The Day Everything Changed
It was 5:15 a.m.
The alarm on my phone blared and awoke me from my slumber. I could see semi-lucid shapes from the corners of my eyes. The birds chirped their merry songs as the world slept.
I had to get up.
By the time I got ready, it was six o’ clock. Many people my age would either be sleeping or returning home after their usual Friday night capers. I, on the other hand, was showered and raring to make my way to seva.
Attending seva, grudgingly
I have not always been excited about spending the day at our satsang property – far from it. Whilst my mother had been following the Sant Mat path for years, I never associated with it. But to keep her happy, I (grudgingly) began going to seva with her. At first, I didn’t know anyone and viewed volunteering at a secluded property situated in the middle of the countryside, and without any mobile reception, as a waste of my weekend. Now, at the age of twenty-two, that same place is my bliss, my family, my everything!
Sant Mat philosophy
Sant Mat is not a religion but provides an overarching set of principles for living a spiritual life. Its teachings imbibe the universal truth found at the core of every major religion including Hinduism, Christianity and Islam (to name but a few). One of the basic tenets of Sant Mat is to be a good human being as, for example, exemplified by showing kindness and compassion to everyone and learning to forgive those we believe have harmed us. The Sant Mat way of life is based on the law of karma; this means that much of what happens to us is the result of actions we’ve taken in previous lives. Since all actions – good and bad – need to be accounted for, the only way to escape the perpetual cycle of debt and credit is to find a guide who teaches a method of meditating that liberates the soul.
The joy of seva
Our property offers the opportunity to perform week-long seva during which volunteers immerse themselves in an atmosphere of spirituality whilst undertaking their assigned tasks. Volunteers travelling from farther afield are given on-site accommodation. A few years ago, I too was fortunate enough to be given the opportunity to perform seva during one of its busiest times. Being surrounded by everyone I love and cut off from the rest of the world felt like a dream come true. Although long and tiring, twelve glorious days went by in the blink of an eye. The mornings started early; I was up by five to undertake my daily tasks. But the evenings were the most special. Finishing seva at four, larking about with my friends till late and doing it all over again – that’s something I dearly miss.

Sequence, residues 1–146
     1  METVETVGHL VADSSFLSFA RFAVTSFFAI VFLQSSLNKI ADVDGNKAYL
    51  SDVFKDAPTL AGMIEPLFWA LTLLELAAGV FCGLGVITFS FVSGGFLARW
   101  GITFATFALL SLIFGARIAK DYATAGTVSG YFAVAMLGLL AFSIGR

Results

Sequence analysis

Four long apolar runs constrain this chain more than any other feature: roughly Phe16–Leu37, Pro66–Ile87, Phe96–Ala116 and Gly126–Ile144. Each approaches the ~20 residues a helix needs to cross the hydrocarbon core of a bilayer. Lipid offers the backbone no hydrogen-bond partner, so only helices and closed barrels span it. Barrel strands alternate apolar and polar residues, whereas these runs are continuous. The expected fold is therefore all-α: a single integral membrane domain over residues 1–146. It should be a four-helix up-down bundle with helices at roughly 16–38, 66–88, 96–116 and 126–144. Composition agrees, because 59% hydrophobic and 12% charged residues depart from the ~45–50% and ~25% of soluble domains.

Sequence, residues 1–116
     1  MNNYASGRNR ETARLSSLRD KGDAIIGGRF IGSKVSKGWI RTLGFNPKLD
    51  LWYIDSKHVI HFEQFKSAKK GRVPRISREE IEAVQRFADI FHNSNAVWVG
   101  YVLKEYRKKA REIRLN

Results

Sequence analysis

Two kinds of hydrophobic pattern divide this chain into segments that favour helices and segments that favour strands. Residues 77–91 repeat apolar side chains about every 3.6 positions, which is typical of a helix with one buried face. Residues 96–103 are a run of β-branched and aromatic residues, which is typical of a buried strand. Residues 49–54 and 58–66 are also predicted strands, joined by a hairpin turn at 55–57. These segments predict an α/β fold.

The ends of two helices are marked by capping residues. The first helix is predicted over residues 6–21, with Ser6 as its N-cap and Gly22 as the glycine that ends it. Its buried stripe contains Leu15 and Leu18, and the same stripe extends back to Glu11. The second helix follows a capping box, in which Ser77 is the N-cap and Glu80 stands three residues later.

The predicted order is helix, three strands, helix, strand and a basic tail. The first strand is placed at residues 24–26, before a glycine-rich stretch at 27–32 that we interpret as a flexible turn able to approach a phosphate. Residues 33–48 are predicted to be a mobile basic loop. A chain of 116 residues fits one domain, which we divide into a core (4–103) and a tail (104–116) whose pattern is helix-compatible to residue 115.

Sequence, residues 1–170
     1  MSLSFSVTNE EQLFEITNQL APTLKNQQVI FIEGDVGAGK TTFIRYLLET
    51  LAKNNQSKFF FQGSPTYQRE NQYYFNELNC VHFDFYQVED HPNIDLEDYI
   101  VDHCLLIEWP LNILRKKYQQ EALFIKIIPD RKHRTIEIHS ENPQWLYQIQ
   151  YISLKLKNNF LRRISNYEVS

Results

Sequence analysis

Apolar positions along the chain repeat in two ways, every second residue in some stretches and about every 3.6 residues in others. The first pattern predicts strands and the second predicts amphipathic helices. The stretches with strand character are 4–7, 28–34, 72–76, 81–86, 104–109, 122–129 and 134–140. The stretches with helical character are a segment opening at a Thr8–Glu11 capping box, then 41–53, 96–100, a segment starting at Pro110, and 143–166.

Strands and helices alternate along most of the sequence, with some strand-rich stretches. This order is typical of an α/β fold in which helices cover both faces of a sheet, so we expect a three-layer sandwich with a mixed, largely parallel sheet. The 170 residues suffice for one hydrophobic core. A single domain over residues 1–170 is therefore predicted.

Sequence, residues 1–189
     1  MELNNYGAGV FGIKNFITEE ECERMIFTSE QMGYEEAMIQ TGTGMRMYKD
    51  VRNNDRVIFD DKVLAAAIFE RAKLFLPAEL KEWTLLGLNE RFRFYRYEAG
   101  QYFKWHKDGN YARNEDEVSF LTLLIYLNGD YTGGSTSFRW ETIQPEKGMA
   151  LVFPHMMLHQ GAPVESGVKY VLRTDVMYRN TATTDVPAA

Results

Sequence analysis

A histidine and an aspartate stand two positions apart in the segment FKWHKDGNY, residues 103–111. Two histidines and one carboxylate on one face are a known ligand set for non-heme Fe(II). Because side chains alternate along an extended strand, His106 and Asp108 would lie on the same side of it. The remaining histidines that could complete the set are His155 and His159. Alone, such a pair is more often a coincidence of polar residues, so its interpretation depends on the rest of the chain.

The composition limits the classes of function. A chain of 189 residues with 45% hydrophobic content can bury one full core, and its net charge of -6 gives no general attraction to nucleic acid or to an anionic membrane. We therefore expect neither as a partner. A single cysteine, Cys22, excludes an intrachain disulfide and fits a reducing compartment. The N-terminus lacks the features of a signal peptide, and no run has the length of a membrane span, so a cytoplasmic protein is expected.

The final pull
The exact moment I fell in love with the spiritual path is hard to say; if pushed, I’d have to say that it was probably when I turned eighteen. I was already being pulled towards Sant Mat; everything I saw and read reminded me of the teachings imparted during satsang. But it was my first (and hopefully last) serious car accident that finally made me believe in the divine. This is what happened.
After returning from seva, I decided to go for a drive. On a high from the atmosphere of love and devotion, I was thinking about how lucky I was to be part of such a loving community and at the start of my own spiritual awakening. Ten minutes later, my car skidded and collided head on with a traffic divider on a roundabout. As the car released the airbags, my glasses went flying and I lost consciousness. Unaware of what was happening, I was pulled out of the car by strangers who happened to be at the scene. Amazingly, these spectators turned out to be off-duty professionals.
Among my band of good Samaritans were two nurses and a doctor, who gave me medical attention. A mechanic prevented my car from catching fire by disconnecting its battery, whilst an off-duty police officer investigated the scene and drew up the paperwork. Everybody said, given the force of the collision, how lucky I was to have escaped with only seatbelt bruises.
It took a car accident for me to believe in the power of the divine. From that day to the present, so many unimaginable things have happened that feel like miracles to me. It has made me believe in the loving protection of the divine, and this has opened my eyes to a new world that exists amongst the turmoil and disarray of the world we all live in.
Each of us has our own unique story of finding and making a commitment to Sant Mat. Now, on this bright morning, I was off to meet my fellow sevadars. I got in my car, switched the ignition on, chose my music and plugged in my auxiliary cable, then started on my way from my house – to my home.